Activities and Findings
Feedback from end-users of the service was anecdotal and self-reported. Often end-users would express their opinions about the value and usefulness of the service in email messages or at the conclusion of an interactive online reference session.
Generally the end-users of InfoEyes were very satisfied with and excited by this new service. They appreciated an online service that was designed specifically for them. Several InfoEyes patrons became frequent repeat customers of the service. They also were ardent supporters.
The accessibility challenges associated with the InfoEyes service were varied. They were not completed resolved during the beta phase. The text chat aspect of the InfoEyes service used an interface that refreshed the screen every 15 seconds. This created accessibility challenges for individuals who use screen reader software, such as JAWS for Windows and WindowEyes. When a software program or website has an embedded automatic screen refresh capability, the refreshed screen often is interpreted by screen reader software programs as an entirely new screen. The screen reader software program will begin reading aloud the contents of the screen each time it refreshes.
We also experienced some accessibility challenges with the various enhanced reference service options we tested. For example, the text chat window within QuestionPoint Enhanced Communications was difficult or impossible to read with screen reader software when the window was in its default "docked" position within the overall QPE interface. The simple workaround to this accessibility challenge was to ask each reference librarian on duty to "undock" the text chat window whenever he or she answered a request to initiate a QPE interaction. A blind programmer also was hired to develop scripts so that JAWS would work with QuestionPoint Enhanced. This solution, however, required a blind end-user to now download both the QPE end-user client and the set of JAWS scripts before he or she could even ask a question.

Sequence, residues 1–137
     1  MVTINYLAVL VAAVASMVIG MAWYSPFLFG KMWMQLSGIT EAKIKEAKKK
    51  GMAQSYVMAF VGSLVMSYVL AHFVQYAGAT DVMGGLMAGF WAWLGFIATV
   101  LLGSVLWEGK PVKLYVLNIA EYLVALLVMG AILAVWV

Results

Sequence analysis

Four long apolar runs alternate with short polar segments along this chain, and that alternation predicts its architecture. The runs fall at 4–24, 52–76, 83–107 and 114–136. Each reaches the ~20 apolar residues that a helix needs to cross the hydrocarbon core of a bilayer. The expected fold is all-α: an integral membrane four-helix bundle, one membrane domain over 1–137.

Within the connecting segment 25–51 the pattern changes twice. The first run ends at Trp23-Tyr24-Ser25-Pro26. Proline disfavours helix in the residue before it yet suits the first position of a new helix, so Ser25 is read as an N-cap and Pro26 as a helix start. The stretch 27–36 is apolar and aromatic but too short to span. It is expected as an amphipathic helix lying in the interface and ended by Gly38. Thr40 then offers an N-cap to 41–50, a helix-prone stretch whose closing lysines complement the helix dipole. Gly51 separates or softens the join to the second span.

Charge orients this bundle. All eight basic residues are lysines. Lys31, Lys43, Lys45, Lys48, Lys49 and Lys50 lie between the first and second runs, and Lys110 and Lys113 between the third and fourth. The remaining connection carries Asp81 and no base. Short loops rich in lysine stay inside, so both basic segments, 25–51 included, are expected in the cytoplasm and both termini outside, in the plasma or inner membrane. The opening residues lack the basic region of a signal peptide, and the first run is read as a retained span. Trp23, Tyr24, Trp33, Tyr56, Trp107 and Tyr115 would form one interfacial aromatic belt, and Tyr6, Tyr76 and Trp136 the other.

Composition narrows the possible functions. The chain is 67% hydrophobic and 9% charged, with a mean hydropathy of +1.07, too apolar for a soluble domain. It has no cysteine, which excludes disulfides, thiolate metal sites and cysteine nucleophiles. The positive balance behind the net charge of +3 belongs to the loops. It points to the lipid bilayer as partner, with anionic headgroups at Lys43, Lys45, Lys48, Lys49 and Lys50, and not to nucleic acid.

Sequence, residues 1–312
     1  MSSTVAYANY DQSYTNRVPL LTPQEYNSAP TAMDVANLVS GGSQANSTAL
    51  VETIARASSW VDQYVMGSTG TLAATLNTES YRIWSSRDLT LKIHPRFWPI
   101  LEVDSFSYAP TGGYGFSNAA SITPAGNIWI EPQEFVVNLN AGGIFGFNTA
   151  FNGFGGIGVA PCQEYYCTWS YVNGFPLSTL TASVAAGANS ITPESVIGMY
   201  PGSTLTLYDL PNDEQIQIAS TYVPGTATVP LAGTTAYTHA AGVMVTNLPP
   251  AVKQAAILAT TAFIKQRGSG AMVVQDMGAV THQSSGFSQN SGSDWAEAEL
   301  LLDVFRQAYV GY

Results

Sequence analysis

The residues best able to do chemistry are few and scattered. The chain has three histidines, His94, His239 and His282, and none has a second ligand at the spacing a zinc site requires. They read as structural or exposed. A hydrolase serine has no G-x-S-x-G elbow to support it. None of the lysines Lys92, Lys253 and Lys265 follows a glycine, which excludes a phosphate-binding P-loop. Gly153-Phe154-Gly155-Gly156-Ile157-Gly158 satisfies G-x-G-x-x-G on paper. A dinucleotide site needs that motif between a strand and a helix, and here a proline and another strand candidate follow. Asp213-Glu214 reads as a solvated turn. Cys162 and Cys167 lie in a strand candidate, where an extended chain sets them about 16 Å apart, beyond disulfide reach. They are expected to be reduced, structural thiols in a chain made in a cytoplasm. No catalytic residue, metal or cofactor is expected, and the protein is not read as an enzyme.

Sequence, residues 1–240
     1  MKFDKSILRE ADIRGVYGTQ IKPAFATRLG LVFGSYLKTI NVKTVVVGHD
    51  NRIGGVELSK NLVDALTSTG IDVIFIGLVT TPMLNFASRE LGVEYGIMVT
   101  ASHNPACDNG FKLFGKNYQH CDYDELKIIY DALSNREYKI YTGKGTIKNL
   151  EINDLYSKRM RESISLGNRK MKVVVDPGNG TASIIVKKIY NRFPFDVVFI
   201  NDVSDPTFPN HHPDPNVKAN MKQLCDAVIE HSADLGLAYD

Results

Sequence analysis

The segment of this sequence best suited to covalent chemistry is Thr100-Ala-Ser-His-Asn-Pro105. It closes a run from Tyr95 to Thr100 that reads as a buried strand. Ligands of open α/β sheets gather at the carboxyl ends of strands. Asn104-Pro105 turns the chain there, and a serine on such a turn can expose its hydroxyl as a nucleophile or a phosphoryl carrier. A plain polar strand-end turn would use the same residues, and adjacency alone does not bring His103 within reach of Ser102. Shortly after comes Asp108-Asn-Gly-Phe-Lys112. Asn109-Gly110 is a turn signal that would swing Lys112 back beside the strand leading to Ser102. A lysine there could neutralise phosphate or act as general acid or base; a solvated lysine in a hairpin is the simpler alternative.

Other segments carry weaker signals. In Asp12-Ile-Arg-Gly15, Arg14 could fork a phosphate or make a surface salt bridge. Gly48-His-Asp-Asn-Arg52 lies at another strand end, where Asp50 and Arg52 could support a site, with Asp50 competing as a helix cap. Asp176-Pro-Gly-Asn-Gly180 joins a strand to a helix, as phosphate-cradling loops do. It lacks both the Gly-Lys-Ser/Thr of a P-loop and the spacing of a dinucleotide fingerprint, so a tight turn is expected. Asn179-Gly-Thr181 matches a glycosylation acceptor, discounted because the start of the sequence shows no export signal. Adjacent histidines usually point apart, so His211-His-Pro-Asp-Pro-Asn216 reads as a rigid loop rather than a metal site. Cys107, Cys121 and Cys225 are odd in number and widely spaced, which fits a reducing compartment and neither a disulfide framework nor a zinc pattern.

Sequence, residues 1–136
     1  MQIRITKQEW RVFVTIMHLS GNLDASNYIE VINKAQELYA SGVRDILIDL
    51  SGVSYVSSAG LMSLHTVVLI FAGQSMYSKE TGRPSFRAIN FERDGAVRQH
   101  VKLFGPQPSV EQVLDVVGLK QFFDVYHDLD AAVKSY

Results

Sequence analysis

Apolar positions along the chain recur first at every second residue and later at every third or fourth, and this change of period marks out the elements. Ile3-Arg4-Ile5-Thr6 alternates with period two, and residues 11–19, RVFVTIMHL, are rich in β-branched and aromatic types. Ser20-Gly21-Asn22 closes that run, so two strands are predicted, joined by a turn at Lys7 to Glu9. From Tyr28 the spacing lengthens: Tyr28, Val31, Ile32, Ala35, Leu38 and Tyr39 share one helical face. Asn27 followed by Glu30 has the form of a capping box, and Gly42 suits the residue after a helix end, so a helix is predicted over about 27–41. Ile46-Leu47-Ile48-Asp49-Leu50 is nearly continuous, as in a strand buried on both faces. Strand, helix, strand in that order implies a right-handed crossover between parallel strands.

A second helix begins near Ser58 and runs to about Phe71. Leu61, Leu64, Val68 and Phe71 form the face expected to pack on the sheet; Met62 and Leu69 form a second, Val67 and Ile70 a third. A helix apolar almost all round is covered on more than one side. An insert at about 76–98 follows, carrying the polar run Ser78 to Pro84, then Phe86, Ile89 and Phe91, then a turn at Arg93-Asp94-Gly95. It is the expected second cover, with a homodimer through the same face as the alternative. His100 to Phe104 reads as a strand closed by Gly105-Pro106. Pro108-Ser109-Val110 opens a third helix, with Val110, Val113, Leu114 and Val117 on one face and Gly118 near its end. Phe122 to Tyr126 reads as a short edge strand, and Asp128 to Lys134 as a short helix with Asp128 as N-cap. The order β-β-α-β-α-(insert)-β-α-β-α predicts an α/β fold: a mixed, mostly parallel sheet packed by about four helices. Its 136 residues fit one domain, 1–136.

The voice-over-IP aspects of the various software options we tested did not in-and-of-itself present major accessibility challenges. Most InfoEyes patrons appreciated being able to hear the reference librarian's voice coming over the Internet, even if the patron did not have a microphone to speak back. Although it initially seemed counterintuitive, enhanced virtual reference interactions in which the reference librarian was communicating primarily via VoIP and the patron primarily via text chat seemed to work well and to the satisfaction of both parties.
Satisfaction with the Service
Patrons who used the InfoEyes service during the beta test period were generally satisfied with the service. Satisfaction parameters included the thoroughness of the answers, the quality of the answers, and, for email questions, the turnaround time.
Value of the Service
The users who tried InfoEyes during the beta testing phase and provided feedback tended to highly value the service. For many individuals, InfoEyes was the first online reference and instruction service designed specifically to meet their needs. Some individuals specifically praised the value of the instructional sessions, because it helped them become independent seekers and users of information resources on the Internet and the Web.
The email reference module within QuestionPoint worked quite well. Not only was it easy for patrons to pose questions and for InfoEyes service providers to respond, but it also was very easy to manage the overall flow of email questions. InfoEyes service providers could easy monitor the progress of responding to email questions.
QuestionPoint basic text chat